A Gradual Rise in Art Appreciation, Pricing
Addis Ababa, Ethiopia -Ã‚Â Ever since he was a child, Atkilt Assefa, 37, used to draw different pictures on pieces of papers on his own. However, his passion has grown over the years and has become a huge factor in shaping his future career.
After completing 12th grade in 1997, he tried to develop his painting skills by contacting different art students and teachers for four years. In 2000, he met Tesfaye Negatu, a professional painter, who studied art in Russia and now teaches drawing in his one-room class rented from the Medhane Alem School on Swaziland Street in the Gulele District.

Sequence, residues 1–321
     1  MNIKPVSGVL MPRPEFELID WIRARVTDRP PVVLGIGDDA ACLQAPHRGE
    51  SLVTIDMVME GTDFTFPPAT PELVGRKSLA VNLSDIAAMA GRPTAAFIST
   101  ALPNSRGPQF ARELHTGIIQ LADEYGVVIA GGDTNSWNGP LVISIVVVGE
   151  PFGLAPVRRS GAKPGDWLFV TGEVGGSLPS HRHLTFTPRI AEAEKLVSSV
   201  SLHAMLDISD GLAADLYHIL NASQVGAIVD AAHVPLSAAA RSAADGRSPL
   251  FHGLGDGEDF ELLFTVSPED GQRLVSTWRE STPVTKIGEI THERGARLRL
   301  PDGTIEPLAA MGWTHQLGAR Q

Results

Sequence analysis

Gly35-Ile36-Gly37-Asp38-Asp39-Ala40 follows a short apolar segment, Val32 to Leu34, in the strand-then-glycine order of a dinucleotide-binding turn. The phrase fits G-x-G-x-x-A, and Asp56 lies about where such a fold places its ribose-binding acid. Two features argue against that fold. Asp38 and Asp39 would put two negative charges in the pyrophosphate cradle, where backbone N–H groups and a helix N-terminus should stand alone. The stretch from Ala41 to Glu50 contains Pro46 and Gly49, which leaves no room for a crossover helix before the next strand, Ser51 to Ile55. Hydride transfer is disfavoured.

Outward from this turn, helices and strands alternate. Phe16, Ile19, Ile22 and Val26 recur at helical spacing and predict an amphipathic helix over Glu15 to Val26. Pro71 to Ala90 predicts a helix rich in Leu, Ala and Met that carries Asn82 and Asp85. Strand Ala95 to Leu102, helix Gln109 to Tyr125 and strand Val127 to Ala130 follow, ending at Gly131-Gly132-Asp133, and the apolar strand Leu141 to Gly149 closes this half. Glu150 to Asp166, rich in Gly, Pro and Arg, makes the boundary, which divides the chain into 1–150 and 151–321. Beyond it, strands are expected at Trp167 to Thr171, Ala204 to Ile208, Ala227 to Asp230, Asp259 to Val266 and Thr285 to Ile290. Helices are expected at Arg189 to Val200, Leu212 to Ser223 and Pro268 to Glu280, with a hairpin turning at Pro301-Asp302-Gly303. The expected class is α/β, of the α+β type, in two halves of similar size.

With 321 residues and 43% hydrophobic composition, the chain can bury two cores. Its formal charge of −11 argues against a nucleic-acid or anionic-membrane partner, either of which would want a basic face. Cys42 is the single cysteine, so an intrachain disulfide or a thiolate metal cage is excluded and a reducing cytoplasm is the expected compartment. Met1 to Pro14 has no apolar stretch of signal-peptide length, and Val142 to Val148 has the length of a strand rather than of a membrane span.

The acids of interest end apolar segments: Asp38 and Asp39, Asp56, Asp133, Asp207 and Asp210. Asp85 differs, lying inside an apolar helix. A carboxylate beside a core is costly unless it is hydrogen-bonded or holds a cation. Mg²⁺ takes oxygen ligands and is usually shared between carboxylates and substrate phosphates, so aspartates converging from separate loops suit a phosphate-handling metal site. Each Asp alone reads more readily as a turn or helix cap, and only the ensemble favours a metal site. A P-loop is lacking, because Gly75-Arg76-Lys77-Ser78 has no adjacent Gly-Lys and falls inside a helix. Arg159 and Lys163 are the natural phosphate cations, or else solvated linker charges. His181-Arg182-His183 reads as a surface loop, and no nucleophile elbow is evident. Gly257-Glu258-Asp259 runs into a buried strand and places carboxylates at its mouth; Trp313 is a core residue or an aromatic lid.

Atkilt studied with him for four years. He then rented a studio with four friends and started making traditional paintings on leather.
Ã¢â‚¬Å“Most of our paintings at that time were sold to retailers at a very cheap price,Ã¢â‚¬Â said Atkilt. Ã¢â‚¬Å“Since we all were beginners and did not have a lot of experience, few of our paintings attracted buyersÃ¢â‚¬â„¢ interest.Ã¢â‚¬Â
According to him, most of the young artists at that time were given very little attention. They tried to promote their art work by themselves, which for the most part was not successful.
Ã¢â‚¬Å“It was very difficult to cover all my expenses just by selling my paintings,Ã¢â‚¬Â Atkilt recalls.
Over the years Atkilt adjusted the way he priced his paintings. As he got more and more experience, he began to consider things like the time, effort and creativity that he exerted on his works.
It is not just Atkilt that changed his views about the way paintings should be priced; the art industry in Ethiopia as a whole does not have consensus or a specific yardstick by which artists should price their artwork. Read more